Dr. Jerry Brotzge, President, welcomed everyone to the fourth chapter meeting of the year and introduced the other officers (Kit Wagner, Treasurer; Sarah Corfidi, Secretary; and Mark Sessing, Vice-President (not present).
Winners for the tornado contest were announced. The first tornado after March 15 (when the contest officially started) was on April 14, 2011. The winners were:
Kevin won a $15 Sonic gift card, Ryan Jewell won an Atlas of the Roads of Oklahoma, and Keith won a $15 gift card to 7-11.
Kit Wagner presented a brief treasury report from the last meeting.
Sarah Corfidi presented a brief secretary report as well. She is maintaining a separate email list for COCAMS/NWA members and requested anyone who wishes to be on this list to contact her.
COCAMS/NWA will sponsor a spring BBQ, to be held in June, at a local park or possibly a member’s home. More information will be provided at the next meeting.
Dr. Brotzge then introduced Greg Carbin, Warning Coordination Meteorologist from the Storm Prediction Center. His presentation is available here:
Greg Carbin has maintained a “Top 10” list of memorable weather events for the past several years. Greg’s 1st event was January 20-22, 2010 when a series of powerful low pressure systems slammed the West Coast. As the storms moved across a large area of the west, from Oregon to Arizona, they produced heavy rain, flash flooding, high winds, heavy snow and even tornadoes. By the 22nd, precipitation totals for this series of storms ranged from 4-12 inches from coastal areas inland across lower elevations of Arizona, with as much as 8-16 inches of rain occurring in the foothills and mountains. Also from Oregon to Arizona, new all-time record low pressure values were established. Some of these pressure records had been established in the late 1800s!
The 2nd memorable weather event occurred from February 5-10, 2010, with major snowstorms in the Northeast. These two major East Coast snowstorms followed the “Snowpacalypse” of December. Many new snowfall records were set, including snowiest February, with 51.5 inches in Philadelphia, 49.7 inches in Baltimore, and 36.9 inches in Central Park, New York City. By the time the second storm cleared the East Coast, thousands of flights had been cancelled, Amtrak suspended service in the hardest hit areas and local rail and bus service were disrupted. Local transportation was so impaired that the federal government was shut down for 4 1/2 days, and schools and businesses remained closed for most of the week.
The 3rd event was the impact of the El Niño. El Niño was a major weather story affecting the 2009-2010 winter. Warmer ocean water around the equatorial region of the central and eastern Pacific alters the wintertime storm track over the U.S. The impacts of this past El Nino on continental US temperatures and precipitation were warmer conditions across the northern U.S. and wetter than normal conditions across the southwest, south-central, and parts of the eastern seaboard.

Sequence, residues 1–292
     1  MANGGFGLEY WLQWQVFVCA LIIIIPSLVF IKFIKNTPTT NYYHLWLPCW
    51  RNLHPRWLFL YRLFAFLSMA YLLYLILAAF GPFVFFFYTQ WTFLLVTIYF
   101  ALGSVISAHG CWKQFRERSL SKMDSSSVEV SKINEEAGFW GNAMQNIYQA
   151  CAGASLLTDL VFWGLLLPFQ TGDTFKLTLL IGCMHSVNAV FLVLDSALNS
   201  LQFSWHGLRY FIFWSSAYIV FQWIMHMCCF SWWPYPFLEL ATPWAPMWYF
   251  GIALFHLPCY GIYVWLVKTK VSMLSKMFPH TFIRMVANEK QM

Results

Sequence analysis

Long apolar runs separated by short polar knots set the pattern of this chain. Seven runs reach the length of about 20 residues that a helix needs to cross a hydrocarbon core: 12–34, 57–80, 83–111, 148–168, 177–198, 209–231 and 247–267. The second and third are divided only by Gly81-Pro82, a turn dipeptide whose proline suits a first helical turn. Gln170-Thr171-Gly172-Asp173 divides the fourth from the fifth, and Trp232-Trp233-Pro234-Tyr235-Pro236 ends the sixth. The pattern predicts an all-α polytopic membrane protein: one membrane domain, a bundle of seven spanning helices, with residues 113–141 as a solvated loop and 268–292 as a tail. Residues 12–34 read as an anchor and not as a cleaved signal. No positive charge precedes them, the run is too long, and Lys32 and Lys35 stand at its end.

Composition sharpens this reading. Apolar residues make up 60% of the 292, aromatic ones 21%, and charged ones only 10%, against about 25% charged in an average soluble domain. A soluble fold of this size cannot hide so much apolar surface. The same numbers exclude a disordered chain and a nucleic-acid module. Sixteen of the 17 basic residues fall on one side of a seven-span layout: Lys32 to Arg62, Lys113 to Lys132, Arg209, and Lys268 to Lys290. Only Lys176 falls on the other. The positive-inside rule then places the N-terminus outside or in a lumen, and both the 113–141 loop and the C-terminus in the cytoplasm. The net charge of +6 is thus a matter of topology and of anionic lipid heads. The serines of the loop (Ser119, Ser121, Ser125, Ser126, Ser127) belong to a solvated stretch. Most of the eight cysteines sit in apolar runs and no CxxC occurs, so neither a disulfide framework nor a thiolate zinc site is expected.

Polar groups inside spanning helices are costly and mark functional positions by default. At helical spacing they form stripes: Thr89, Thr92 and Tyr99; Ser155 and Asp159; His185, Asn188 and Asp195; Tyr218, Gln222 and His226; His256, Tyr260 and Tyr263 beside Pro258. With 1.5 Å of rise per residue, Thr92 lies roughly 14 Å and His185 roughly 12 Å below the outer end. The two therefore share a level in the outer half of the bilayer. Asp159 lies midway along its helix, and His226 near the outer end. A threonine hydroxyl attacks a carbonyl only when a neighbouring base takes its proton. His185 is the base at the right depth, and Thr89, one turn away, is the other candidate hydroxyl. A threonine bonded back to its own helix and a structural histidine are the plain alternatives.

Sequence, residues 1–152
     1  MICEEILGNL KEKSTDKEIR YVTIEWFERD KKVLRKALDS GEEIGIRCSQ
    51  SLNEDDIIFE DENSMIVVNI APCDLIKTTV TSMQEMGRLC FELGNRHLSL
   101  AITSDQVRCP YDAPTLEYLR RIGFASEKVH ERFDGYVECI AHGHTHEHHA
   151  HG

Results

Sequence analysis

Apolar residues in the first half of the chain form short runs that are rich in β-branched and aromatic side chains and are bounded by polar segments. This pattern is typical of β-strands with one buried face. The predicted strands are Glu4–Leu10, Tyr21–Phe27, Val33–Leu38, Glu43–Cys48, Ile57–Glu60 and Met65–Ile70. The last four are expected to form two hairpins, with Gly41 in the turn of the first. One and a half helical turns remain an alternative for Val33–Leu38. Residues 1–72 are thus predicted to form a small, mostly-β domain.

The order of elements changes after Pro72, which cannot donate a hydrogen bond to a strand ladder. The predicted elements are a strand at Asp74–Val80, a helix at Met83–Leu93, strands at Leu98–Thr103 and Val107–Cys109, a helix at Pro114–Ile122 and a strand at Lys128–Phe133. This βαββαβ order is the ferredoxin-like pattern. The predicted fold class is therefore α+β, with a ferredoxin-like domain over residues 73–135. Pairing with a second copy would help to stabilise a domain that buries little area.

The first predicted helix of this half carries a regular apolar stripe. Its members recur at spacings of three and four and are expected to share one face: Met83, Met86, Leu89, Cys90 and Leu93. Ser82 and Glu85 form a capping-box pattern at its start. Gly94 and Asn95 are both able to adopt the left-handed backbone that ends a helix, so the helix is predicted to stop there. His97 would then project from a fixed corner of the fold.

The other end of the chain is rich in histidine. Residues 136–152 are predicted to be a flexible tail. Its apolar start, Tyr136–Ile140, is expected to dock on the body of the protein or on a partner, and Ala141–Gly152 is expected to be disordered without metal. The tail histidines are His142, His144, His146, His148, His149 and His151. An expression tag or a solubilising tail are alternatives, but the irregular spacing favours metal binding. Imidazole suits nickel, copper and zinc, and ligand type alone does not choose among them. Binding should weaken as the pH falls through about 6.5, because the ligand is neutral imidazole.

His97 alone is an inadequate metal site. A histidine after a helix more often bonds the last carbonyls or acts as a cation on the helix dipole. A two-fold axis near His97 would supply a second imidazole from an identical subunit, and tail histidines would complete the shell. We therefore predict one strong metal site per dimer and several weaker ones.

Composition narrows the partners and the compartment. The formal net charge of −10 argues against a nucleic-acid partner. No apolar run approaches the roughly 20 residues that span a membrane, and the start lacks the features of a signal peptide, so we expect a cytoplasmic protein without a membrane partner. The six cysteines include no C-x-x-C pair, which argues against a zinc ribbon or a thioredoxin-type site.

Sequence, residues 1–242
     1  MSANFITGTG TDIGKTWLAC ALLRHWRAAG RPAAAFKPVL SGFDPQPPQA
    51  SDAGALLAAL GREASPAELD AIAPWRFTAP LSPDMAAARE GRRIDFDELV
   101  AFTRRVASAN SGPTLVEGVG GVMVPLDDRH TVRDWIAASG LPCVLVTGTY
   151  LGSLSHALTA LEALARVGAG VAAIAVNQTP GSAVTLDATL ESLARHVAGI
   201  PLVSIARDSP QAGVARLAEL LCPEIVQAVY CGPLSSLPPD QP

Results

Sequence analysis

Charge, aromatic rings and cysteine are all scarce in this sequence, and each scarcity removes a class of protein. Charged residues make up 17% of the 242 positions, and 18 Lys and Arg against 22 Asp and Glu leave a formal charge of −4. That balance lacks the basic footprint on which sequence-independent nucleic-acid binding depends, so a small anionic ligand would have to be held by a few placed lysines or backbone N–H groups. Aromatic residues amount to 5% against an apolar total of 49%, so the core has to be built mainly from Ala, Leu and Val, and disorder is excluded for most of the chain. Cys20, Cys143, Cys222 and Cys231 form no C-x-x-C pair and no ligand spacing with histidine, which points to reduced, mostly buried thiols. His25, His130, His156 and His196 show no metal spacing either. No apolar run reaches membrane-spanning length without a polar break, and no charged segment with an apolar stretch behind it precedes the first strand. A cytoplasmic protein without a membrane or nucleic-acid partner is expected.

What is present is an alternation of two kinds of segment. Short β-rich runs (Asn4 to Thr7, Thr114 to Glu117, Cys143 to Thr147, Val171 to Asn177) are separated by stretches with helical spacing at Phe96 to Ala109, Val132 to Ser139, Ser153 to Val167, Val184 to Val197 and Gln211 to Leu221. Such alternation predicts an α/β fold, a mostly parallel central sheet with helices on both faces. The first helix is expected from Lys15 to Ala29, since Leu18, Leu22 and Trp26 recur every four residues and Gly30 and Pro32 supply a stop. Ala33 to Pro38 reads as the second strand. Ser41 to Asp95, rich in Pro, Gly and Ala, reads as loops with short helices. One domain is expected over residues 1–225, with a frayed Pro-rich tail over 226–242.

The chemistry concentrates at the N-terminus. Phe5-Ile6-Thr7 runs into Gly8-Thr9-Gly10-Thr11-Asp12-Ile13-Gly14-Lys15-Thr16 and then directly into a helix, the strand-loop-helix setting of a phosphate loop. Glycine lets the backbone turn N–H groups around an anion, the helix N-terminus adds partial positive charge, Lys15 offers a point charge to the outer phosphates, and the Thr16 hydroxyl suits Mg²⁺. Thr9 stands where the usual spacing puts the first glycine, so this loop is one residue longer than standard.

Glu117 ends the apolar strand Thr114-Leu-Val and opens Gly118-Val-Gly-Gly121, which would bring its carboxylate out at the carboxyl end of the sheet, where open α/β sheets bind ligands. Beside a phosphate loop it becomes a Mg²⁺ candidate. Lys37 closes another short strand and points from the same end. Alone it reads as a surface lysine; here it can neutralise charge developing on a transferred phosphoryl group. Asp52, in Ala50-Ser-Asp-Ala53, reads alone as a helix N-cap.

The 4th event focused on the March 30-31, 2010 heavy rain/flooding event in southern New England. Record rains from a slow-moving and extremely wet Nor'easter triggered historic flooding in Rhode Island and Southeastern Massachusetts, with several rivers exceeding their 100-year flood levels. Over 16 inches of rain fell in Providence, Rhode Island during March, the most rain recorded in any month and besting the previous record of 15.38" set in October 2005.
The 5th event concentrated on the Yazoo City, MS tornado which occurred on April 24, 2010. This tornado went on to track for nearly 150 miles, crossing almost the entire state of Mississippi on this day. The tornado was rated EF4 at its strongest points, and caused 10 fatalities, 143 injuries, and over $300 million in damage.
The 6th event was a review of the May/June flooding in the mid-South. Nashville, TN was virtually paralyzed by the heaviest recorded 1-day and 2-day rainfall in its history. A remarkable 7.25" of rain fell on the city on May 2nd, breaking the record for most rain in a single day. Nashville's third greatest day of rainfall on record occurred the day before when 6.32" fell. May 2010 became Nashville’s wettest May on record. Another notable event was a tragic nighttime flash flood event in southwest AR on June 10th. The Little Missouri River came up over 20 feet in 2 hours in the early morning and tragically drowned 20 people staying at the Albert Pike National Forest campground. The peak river height of nearly 25 feet had never been recoded and was about 10 feet greater than any previous peak in the last 10 years. Just four days after the Arkansas flash flood on June 14, Oklahoma City received a major flash flooding event as an overnight MCS continued to backbuild across the metropolitan area. The 7.62 inches of rainfall in Oklahoma City on this day established a new daily rainfall record for the city where records go back to 1890.
The 7th event focused on the severe weather outbreak in the upper Midwest on June 17. This record-breaking severe weather event produced the largest single-day total for tornadoes in 2010. A massive EF4 tornado touched down west of Albert Lea, MN, early Thursday evening, June 17, 2010. The tornado was deadly, killing one and injuring dozens more. In addition, this day set the record for the greatest 1 day significant tornado count since 2008, with 4 EF4 tornadoes and 3 fatalities, and was the most active severe weather day in MN history.